French Realist/Impressionist Painter and Sculptor, 1834-1917
French painter, draughtsman, printmaker, sculptor, pastellist, photographer and collector. He was a founder-member of the Impressionist group and the leader within it of the Realist tendency. He organized several of the group exhibitions, but after 1886 he showed his works very rarely and largely withdrew from the Parisian art world. As he was sufficiently wealthy, he was not constricted by the need to sell his work, and even his late pieces retain a vigour and a power to shock that is lacking in the contemporary productions of his Impressionist colleagues. Related Paintings of Edgar Degas :. | Dance | Woman with a Dog_y | The Tub | At the Ballet | Passion of Jesus |
Related Artists:CLAEISSENS, Antoon
Flemish painter (b. ca. 1538, Brugge, d. 1613, Brugge).
Flemish painter and draughtsman. In 1587 he was working in Rome with the Brussels painter Frans van de Kasteele. That he subsequently lived in Brussels is confirmed by documentary evidence and by his status as court painter to the governors of the southern Netherlands. Stylistically, de Clerck's work (both paintings and drawings) is close to that of the Antwerp late Mannerist Marten de Vos, traditionally thought to have been his teacher, but it is possible that he was apprenticed to Joos van Winghe in Italy. He was later a member of the Brussels painters' guild, where from 1601 to 1611 Jan van Overstraeten was registered as his pupil. It was in 1594 that de Clerck was appointed court painter in Brussels, first to Archduke Ernest. In 1596, after the Archduke's death, his brother Emperor Rudolf II arranged for de Clerck to stay on as court painter in the service of the new Archdukes, Albert and Isabella. In 1609 de Clerck and Wenceslas Cobergher were commissioned to decorate the ceiling of the oratorium in the archducal palace in BrusselsJames Sharples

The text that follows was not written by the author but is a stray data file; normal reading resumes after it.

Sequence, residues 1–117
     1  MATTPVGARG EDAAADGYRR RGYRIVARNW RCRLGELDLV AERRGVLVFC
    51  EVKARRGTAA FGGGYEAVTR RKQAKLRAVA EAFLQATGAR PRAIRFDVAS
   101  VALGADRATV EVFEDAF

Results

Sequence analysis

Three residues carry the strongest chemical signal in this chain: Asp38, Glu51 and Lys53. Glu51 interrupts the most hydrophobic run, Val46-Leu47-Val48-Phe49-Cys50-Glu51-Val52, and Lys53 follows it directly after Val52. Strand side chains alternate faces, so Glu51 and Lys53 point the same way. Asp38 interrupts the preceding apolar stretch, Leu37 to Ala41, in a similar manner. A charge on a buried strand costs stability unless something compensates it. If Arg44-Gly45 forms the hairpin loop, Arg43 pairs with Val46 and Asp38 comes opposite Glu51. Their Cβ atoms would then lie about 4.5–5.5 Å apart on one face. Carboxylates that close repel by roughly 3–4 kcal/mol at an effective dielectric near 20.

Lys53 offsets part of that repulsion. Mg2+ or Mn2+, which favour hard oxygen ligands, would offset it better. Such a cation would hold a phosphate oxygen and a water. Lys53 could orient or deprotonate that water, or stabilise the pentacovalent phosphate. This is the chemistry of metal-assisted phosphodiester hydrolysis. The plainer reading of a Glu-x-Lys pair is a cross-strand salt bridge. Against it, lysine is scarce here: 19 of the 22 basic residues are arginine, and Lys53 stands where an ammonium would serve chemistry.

(1751 or 1752 in Lancashire - 26 February 1811 in New York ) was an English portrait painter and pastelist, who moved to the United States in 1794. He first exhibited at the Royal Academy in 1779.
James was first intended for the Catholic priesthood, but became an artist instead.Sharples headed a family of successful portrait artists, including his third wife Ellen Sharples. He had four children, George by his first wife, Felix Thomas Sharples from his second marriage (c. 1786- after 1823), and James Sharples Jr.(c. 1788-1839) and daughter Rolinda Sharples (1793-1838) with this third wife, Ellen. Felix, James Jr. and Rolinda joined the family enterprise at ages 17, 15, and 13 respectively. Before marrying Ellen Wallace, James had been active in Bristol, Liverpool and Bath, where he taught drawing. Ellen was a lady of French extraction who had relations in America. The family left for the United States in 1796, but, according to Ellen's diaries, their ship fell into the hands of the French, and for seven months the family spent time in Brest, near Cherbourg. Landing in New York, James quickly became popular for his small portraits in pastel and his miniatures. From 1796 to 1801 he worked mainly in Philadelphia and New York, securing portrait commissions. The family traveled throughout New England region as itinerant portrait painters, looking for work and making inexpensive copies from the originals portraits they had made of popular and well-known figures, such as George Washington and James Madison.
German Painter, 1858-1925
German painter and writer. He grew up on his family's farm and tannery. As a child he showed interest in art, taking informal lessons in drawing from a local carpenter and caricaturing his primary school teachers. Corinth's father sent him to secondary school in the nearby city of K?nigsberg (now Kaliningrad), where he lived with his widowed aunt. A superstitious woman fond of story-telling, she possessed what Corinth later described as a coarse temperament and an unrestrained, 'demonic' humour. These qualities and his aunt's bohemian acquaintances, including fortune-tellers and soothsayers, fascinated the young Corinth, accustomed to his more reserved parents.